The Fourth Amendment to the U.S. Constitution protects your right to be free from unreasonable searches and seizures. That means the authorities need a proper warrant to search a computer’s hard drive.
In Texas, computer search warrants work similarly to those that address other property (home, vehicle, etc.). The police must follow the specific terms outlined in the document. If they do not, their misconduct could play an advantageous role in your defense.
What crimes are vulnerable to digital evidence?
In prior decades, when most did not have personal computers, hard drive warrants typically addressed financial crimes like embezzlement or fraud. Now, nearly everyone owns a computer or has access to one.
That means computer evidence can be a factor in any crime, from murder to money laundering and everything in between.
What can the authorities search for on a hard drive?
Most defendants do not realize that there are an overwhelming number of rules and guidelines the authorities must follow when issuing warrants and searching for evidence. For example, the search warrant must “particularly describe” what may be searched and seized. A variance from the particular terms of the warrant is unlawful and could jeopardize the prosecutor’s case to your benefit.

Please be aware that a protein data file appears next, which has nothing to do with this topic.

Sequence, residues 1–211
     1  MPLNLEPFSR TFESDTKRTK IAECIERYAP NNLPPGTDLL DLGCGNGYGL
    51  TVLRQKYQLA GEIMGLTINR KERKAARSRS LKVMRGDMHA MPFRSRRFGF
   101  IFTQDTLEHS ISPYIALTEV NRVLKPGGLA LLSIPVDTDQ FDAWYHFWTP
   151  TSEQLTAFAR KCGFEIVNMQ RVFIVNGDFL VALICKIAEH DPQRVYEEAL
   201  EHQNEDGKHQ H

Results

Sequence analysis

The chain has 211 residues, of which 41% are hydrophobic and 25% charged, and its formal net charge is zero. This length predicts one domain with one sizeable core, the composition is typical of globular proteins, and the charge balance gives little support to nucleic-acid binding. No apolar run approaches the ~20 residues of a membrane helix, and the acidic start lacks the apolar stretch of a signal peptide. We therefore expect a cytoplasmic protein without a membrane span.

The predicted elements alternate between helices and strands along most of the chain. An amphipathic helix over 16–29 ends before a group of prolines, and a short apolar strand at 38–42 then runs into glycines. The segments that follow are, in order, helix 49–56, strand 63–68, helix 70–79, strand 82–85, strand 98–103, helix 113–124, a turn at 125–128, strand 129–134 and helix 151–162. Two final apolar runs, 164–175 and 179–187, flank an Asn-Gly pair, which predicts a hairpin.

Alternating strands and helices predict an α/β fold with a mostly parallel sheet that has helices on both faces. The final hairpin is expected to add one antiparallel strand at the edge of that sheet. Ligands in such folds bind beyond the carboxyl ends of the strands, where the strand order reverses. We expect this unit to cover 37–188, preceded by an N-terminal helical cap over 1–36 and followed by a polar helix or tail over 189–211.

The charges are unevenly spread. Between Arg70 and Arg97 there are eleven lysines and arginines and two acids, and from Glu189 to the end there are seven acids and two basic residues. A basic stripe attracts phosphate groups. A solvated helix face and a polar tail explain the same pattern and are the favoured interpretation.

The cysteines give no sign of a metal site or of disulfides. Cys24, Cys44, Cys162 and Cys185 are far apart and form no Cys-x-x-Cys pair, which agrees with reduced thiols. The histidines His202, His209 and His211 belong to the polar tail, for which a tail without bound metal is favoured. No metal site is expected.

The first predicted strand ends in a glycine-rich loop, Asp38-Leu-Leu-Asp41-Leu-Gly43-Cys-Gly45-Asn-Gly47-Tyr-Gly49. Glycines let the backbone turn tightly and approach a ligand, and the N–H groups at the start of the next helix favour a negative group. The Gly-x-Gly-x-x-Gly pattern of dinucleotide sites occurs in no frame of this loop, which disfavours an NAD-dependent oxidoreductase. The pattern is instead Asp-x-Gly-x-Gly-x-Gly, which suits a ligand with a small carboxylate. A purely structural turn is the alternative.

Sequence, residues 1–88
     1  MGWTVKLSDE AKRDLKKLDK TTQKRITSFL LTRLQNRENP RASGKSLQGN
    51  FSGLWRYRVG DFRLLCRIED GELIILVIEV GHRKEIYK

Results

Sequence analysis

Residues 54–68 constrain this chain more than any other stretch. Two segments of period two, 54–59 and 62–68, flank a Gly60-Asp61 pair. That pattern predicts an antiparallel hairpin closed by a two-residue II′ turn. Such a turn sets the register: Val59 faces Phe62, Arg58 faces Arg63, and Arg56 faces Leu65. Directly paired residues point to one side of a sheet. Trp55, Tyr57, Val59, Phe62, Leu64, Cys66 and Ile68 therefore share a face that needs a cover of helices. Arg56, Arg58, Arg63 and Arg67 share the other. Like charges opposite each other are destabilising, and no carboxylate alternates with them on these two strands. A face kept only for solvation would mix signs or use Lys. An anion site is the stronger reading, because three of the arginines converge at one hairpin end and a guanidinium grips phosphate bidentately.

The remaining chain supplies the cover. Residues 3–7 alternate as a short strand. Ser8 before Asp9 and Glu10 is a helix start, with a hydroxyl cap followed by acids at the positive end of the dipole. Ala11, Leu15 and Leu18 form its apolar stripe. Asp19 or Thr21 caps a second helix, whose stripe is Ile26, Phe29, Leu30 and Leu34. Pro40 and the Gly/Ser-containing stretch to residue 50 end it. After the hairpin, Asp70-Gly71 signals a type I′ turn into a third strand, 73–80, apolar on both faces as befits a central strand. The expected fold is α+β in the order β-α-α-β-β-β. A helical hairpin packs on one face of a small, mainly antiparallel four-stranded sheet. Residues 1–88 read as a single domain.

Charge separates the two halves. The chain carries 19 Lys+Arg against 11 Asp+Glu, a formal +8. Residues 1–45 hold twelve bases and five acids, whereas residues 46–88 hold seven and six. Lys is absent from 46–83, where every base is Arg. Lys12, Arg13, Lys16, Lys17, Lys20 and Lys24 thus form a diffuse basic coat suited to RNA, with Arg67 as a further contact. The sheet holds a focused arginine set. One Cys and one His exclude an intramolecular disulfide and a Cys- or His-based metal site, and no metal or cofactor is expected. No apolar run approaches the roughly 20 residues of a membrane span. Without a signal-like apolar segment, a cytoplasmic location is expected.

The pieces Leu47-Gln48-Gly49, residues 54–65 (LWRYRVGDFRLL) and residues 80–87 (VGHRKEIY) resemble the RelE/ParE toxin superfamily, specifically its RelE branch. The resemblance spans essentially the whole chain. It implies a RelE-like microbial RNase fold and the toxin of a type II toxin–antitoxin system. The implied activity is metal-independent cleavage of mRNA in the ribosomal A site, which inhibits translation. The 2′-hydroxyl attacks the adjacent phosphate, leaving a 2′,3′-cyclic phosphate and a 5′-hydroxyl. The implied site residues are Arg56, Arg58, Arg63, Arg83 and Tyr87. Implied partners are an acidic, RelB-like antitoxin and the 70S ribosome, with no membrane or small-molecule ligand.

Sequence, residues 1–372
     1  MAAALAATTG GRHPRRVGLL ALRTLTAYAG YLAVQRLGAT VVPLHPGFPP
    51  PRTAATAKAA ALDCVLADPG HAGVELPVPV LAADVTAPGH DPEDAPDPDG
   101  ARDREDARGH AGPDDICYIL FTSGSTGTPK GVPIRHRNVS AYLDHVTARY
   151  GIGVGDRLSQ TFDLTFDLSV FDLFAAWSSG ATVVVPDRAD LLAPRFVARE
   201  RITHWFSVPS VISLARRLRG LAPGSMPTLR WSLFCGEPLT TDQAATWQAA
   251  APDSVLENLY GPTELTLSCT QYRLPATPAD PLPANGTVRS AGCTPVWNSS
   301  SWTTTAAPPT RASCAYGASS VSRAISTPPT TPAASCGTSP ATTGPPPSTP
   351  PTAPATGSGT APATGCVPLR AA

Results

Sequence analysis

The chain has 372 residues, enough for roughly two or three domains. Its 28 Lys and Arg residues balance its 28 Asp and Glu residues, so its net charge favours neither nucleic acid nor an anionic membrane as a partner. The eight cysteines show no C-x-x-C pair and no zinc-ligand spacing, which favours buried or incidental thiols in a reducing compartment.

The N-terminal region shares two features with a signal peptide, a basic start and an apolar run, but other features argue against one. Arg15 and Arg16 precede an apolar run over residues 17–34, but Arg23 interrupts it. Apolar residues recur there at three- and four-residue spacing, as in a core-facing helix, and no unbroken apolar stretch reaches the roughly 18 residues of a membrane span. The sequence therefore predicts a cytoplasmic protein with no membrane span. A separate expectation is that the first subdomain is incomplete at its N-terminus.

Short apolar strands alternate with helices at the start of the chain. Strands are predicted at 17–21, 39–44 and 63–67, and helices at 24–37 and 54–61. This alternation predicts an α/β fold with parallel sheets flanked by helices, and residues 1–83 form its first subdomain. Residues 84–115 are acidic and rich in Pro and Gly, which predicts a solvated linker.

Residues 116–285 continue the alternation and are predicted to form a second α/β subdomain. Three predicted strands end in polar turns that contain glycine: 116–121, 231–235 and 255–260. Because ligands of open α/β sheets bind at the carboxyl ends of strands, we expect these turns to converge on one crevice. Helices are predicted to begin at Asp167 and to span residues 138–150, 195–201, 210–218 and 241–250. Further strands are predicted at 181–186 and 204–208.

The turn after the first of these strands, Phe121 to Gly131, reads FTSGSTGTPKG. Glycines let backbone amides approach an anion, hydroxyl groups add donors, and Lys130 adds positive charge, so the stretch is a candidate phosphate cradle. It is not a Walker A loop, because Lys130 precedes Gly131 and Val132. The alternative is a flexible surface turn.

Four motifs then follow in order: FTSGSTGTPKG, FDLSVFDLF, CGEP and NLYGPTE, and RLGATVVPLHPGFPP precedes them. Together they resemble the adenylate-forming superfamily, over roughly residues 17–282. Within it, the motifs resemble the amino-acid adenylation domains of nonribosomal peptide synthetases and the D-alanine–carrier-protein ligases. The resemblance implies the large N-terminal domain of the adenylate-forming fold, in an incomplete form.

Who will search the computer drive?
A qualified party, usually a computer forensics professional, must search for and obtain digital evidence to prevent contamination. A police officer should not turn on your computer and start searching for evidence. In most cases, law enforcement seizes the specified computer, and then a forensics professional searches it for evidence.
Digital evidence seems irrefutable to most defendants. However, uncovering procedural errors in the search warrant execution or handling of computer evidence could substantially improve your situation. Legal guidance can help you make sense of your defense options.